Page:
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For campus-based biomedical research to stay relevant, it needs to move past basic discoveries and develop treatments more quickly.

That was the key message of Susan Desmond-Hellmann, a biotech leader turned university leader, to a University of Utah audience Tuesday.

"The United States spends more on medical breakthroughs than any other country, but are we healthier? Is it accessible, is it affordable and will it change the health of the community?" asked Desmond-Hellmann, chancellor of the University of California, San Francisco, during a meeting of the Benning Society. "If it doesn't reach the community because it's unaffordable or they don't have access because their clinician doesn't know about it, we haven't accomplished anything."

Desmond-Hellmann enjoyed a successful career developing new cancer drugs at Genentech before the University of California recruited her in 2009.

She is among the few university leaders chosen from the ranks of industry, and academics playing close attention to how her tenure plays out at a major biomedical research hub. Under her watch, the National Institute of Health has awarded its largest-ever grant, $112 million over five years, to pursue "translational" research, or converting what is learned in the lab into new treatments.

UCSF's progress under her leadership is "proof that a culture of freedom and exploration" produces results, said cardiologist Dean Li, the U. med school's vice dean for research, who introduced Desmond-Hellmann before her talk at the Rice-Eccles Stadium tower. Li suggested the U. consider embracing her vision, which calls for structuring research with an eye toward marketable results.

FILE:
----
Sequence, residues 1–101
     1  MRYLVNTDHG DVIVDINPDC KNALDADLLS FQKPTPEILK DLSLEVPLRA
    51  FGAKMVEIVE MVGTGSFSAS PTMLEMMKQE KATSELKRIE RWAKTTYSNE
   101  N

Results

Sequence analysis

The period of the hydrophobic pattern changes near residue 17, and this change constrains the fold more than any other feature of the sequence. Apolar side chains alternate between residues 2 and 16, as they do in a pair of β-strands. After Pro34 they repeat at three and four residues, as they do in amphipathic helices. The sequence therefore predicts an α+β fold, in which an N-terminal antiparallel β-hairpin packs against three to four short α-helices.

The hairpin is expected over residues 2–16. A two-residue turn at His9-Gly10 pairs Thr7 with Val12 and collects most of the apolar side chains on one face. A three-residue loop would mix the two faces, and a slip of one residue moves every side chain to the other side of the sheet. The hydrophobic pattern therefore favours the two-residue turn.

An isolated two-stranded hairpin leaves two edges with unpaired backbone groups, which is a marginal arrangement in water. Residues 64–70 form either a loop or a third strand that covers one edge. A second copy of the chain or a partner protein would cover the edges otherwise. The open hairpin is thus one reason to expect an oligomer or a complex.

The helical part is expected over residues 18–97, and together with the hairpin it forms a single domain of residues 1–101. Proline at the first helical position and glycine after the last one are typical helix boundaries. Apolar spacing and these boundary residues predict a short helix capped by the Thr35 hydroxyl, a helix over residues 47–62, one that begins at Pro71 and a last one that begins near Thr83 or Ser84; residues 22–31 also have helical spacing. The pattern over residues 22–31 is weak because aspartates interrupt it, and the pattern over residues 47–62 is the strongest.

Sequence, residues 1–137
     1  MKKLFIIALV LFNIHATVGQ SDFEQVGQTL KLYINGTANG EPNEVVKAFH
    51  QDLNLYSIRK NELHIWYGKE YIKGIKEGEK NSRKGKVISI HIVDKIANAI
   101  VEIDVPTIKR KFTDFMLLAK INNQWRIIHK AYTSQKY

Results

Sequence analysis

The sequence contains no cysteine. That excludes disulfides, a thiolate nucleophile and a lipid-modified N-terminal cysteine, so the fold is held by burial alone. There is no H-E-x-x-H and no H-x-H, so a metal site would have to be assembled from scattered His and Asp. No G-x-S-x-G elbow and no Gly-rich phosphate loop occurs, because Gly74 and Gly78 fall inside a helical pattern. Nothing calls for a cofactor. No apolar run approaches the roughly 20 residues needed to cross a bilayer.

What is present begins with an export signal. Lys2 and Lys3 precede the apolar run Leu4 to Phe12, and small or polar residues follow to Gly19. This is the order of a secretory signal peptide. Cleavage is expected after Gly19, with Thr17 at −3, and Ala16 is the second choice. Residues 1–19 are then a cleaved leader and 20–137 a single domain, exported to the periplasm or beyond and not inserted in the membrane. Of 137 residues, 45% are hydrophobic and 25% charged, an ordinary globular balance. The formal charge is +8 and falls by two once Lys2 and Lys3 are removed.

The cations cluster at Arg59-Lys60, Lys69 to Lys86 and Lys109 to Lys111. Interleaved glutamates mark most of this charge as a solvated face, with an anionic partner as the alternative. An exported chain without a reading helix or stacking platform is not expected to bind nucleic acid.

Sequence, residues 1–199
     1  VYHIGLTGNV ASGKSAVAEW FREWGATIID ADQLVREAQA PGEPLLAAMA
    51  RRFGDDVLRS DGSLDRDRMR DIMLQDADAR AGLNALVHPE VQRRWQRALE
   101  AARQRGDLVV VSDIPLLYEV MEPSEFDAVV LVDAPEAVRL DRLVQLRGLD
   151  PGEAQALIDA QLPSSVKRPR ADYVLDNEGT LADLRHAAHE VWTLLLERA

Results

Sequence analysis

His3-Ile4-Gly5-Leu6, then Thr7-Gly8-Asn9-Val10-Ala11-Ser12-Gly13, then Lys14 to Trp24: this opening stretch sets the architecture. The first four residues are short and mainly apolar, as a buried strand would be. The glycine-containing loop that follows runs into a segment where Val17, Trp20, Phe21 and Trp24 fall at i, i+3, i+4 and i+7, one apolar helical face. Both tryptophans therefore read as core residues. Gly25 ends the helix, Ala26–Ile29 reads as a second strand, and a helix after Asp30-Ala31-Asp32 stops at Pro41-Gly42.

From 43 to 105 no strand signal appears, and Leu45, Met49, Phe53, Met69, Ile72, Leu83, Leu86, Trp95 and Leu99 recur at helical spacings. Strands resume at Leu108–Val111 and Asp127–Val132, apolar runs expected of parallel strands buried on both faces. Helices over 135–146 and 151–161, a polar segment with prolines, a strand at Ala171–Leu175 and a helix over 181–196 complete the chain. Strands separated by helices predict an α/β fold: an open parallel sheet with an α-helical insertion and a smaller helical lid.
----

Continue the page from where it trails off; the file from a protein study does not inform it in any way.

Desmond-Hellmann grew up in Reno and attended the local branch campus of the University of Nevada for college and medical school, then did her residency in oncology at UCSF in 1982. She treated cancer patients for several years, before moving to the pharmaceutical industry to work on drugs that aim for molecular targets on cancer cells. While she headed product development at Genentech, the company released its breakthrough drug Herceptin, which is effective against only the most aggressive forms of breast cancer.

Now she hopes to foster similar successes at UCSF. Translational science is summed up in the cliche "bench to bedside." Desmond-Hellmann advocates inverting this model.

"This arrow moves in both directions. Some of the most exciting research is what I call reverse translation, going from the bedside and going back to the scientists and say, 'Here's what we need,'" she said. But coming up with new treatments is not enough. Those treatments need to prevent disease, reduce cost and actually improve the overall health of society.

A key federal player in this area is NIH, which spent about $35 billion last year on biomedical research, most of it awarded in the form of grants to universities. The agency accounts for half the $400 million the U. receives in recent years in outside funding for research, fueling much of the activity on the upper campus.

"We have gotten a fantastic return on investment. Our system is the envy of the world," Desmond-Hellmann said. "The number of patients who can live with cancer is a near miracle to me and it was made possible by NIH spending."

Since universities are never going to sell products, they need outside help funneling innovations into the marketplace. Since UCSF opened its Mission Bay campus, a 1-million-square-foot research complex, in 2003, the university has spun off 70 companies, according to Desmond-Hellmann. The U. likewise reports robust start-up activity, even though some of these new companies have existed only on paper, disappear without landing grants or have limited connection to sponsored research on campus.

"If we want to get these wonderful things to society we need to partner with commercial enterprise," she said. "We can set up industry partnerships that maintain academic freedom, avoid conflicts of interest, and maintain intellectual property interests."

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